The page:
When it comes to the STEM fields, if you're wondering where the women are, it's in the life sciences. "About 58 percent of all bachelor’s, master’s and doctorates in biology are awarded to women," Christopher Drew says at The New York Times. Georgia State University's Paula Stephan tells the Times that "women historically have been interested in subjects that were less math intensive and that had goals of helping people, and biology and the medical sciences have both of those."
To that, Fairer Science's Pat Campbell says, "Who cares that biomedical research is like saving our lives and those of our parents and our children? Since there are too many women in it, it has got to be close to worthless." In particular, Campbell takes issue with Stephan's thought that young women "don't realize they are limiting their pay and job options by flocking to the same field," as the Times' Drew puts it.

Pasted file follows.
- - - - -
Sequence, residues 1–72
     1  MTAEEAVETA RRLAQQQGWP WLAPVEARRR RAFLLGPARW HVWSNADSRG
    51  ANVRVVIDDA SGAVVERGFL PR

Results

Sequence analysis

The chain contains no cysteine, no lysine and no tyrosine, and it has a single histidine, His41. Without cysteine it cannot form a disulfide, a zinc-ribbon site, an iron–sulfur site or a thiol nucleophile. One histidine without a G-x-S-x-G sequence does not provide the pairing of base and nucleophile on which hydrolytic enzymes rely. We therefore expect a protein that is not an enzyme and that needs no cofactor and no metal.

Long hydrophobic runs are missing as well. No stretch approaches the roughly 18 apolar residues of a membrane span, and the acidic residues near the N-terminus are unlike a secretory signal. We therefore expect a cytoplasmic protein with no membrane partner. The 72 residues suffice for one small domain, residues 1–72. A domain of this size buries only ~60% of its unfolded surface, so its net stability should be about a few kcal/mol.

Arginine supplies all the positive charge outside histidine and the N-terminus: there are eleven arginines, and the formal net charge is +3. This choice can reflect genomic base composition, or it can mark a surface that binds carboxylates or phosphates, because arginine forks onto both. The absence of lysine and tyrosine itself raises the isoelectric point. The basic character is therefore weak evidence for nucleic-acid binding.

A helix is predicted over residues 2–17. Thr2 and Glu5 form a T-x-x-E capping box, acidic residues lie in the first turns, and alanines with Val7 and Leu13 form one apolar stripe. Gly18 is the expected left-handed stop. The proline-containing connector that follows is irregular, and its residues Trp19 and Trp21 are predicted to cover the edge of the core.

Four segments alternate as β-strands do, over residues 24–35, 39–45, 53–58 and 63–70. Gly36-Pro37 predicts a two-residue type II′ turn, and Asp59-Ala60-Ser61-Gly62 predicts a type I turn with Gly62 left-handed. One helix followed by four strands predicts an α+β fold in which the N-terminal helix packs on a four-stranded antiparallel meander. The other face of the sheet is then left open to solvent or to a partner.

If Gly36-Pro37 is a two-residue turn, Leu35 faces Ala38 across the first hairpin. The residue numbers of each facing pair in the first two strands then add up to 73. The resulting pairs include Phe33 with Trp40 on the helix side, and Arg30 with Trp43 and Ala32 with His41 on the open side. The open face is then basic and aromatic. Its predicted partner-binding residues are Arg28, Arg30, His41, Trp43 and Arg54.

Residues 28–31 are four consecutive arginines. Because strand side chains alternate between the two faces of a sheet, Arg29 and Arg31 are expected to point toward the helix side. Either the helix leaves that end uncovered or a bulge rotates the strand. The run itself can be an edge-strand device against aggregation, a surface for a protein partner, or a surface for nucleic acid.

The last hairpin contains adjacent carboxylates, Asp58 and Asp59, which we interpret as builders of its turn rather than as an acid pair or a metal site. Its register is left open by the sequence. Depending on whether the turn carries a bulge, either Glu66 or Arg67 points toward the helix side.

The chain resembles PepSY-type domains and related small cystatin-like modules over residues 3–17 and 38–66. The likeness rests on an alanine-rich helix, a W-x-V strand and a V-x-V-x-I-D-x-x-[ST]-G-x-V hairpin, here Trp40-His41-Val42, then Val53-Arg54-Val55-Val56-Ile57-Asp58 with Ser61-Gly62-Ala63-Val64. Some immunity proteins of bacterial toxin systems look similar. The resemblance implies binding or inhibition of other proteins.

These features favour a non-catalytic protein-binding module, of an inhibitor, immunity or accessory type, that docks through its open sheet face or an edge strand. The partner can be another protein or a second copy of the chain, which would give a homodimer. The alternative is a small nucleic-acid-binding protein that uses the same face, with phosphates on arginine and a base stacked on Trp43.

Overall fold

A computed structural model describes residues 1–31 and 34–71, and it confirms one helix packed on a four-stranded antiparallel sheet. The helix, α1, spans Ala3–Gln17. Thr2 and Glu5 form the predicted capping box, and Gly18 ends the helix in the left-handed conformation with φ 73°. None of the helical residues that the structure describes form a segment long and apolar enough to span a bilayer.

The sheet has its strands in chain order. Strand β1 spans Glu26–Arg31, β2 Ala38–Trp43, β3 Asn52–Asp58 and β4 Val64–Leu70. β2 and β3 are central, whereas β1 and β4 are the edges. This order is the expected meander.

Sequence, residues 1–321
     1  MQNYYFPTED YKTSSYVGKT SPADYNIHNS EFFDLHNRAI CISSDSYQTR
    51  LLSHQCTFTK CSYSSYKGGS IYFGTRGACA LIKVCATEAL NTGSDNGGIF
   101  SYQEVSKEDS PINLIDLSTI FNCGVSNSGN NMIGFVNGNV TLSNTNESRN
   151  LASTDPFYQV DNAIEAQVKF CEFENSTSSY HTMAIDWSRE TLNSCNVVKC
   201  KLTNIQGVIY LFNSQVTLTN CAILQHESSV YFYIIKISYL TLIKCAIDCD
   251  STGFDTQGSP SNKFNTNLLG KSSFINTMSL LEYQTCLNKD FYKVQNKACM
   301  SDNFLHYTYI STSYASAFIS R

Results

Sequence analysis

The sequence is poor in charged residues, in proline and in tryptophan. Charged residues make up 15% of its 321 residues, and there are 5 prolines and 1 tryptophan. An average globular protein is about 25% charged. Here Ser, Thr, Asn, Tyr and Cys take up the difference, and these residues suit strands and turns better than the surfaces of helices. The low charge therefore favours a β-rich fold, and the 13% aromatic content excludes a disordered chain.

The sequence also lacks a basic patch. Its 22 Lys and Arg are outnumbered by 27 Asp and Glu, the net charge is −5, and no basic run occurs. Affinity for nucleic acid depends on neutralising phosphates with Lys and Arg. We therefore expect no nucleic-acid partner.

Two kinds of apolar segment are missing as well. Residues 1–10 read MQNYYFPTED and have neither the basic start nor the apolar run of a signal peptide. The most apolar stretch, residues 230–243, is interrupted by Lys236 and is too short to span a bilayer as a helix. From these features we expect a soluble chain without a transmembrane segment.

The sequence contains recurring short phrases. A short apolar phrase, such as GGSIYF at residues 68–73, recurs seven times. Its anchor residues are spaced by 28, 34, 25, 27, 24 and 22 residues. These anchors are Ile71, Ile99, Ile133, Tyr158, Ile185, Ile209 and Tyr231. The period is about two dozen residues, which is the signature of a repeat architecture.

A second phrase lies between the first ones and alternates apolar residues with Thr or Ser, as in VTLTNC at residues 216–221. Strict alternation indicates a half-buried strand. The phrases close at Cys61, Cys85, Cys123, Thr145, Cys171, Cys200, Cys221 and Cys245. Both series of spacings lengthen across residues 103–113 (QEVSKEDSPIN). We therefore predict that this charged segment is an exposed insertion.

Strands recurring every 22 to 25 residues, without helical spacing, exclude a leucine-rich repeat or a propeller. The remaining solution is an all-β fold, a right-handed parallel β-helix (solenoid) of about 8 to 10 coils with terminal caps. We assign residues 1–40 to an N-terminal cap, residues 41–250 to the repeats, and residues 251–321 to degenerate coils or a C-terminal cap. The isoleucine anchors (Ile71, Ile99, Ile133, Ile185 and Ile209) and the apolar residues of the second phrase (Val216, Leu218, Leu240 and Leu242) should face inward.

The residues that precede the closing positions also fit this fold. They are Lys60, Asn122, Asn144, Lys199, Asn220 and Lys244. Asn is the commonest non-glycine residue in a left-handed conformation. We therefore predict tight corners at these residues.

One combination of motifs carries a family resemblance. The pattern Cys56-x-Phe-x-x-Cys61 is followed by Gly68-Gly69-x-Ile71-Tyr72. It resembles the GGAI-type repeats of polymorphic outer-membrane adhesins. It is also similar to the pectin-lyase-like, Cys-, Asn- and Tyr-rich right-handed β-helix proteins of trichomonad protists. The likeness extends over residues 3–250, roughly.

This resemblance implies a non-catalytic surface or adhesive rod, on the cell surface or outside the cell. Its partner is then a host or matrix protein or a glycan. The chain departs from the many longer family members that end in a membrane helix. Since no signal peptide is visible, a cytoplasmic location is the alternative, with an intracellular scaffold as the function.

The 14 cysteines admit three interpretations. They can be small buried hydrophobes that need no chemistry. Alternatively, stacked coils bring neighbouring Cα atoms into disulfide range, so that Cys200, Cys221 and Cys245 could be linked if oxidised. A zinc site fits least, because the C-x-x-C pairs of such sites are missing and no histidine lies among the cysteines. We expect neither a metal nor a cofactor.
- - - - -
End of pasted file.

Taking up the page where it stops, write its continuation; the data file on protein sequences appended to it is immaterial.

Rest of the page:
At Fairer Science, Campbell responds: "The acceptance that fields with more women or that become more feminine are less valued is just the way it is and that the answer is to go into a male-dominated field made me want to crawl into the bed, put the covers over my head, and not get out."